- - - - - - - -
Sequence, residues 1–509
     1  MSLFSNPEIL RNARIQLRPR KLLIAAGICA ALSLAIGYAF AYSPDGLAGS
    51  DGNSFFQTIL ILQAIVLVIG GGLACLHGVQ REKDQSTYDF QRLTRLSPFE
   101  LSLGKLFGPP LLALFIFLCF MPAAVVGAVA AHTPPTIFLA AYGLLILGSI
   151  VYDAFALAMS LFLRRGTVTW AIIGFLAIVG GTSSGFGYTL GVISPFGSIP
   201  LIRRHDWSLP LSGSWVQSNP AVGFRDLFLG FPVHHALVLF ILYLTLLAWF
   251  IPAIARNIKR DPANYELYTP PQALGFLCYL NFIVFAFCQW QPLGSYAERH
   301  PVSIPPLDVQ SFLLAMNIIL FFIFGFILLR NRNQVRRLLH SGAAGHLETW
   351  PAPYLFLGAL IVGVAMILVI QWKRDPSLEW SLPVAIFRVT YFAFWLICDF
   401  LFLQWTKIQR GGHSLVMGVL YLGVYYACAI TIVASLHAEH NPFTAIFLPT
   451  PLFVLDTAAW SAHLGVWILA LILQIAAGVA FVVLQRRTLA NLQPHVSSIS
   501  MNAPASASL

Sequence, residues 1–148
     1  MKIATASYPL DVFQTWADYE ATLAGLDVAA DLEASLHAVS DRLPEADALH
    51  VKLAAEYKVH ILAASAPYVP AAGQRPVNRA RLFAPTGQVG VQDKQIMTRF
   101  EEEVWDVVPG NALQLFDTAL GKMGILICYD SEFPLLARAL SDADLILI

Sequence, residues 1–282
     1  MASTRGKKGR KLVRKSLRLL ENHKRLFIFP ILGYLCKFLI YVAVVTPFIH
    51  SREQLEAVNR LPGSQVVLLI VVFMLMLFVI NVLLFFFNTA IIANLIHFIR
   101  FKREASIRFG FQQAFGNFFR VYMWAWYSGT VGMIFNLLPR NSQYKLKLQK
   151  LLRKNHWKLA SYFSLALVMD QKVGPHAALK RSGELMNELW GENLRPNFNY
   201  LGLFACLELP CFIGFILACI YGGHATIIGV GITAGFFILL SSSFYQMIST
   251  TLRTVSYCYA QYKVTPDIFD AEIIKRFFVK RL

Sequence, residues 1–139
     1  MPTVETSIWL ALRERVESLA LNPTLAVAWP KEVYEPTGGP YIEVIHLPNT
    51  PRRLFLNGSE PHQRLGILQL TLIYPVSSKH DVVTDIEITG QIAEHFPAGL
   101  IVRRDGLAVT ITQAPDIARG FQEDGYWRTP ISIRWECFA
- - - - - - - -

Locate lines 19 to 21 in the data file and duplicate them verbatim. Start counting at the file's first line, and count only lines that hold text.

    51  SREQLEAVNR LPGSQVVLLI VVFMLMLFVI NVLLFFFNTA IIANLIHFIR
   101  FKREASIRFG FQQAFGNFFR VYMWAWYSGT VGMIFNLLPR NSQYKLKLQK
   151  LLRKNHWKLA SYFSLALVMD QKVGPHAALK RSGELMNELW GENLRPNFNY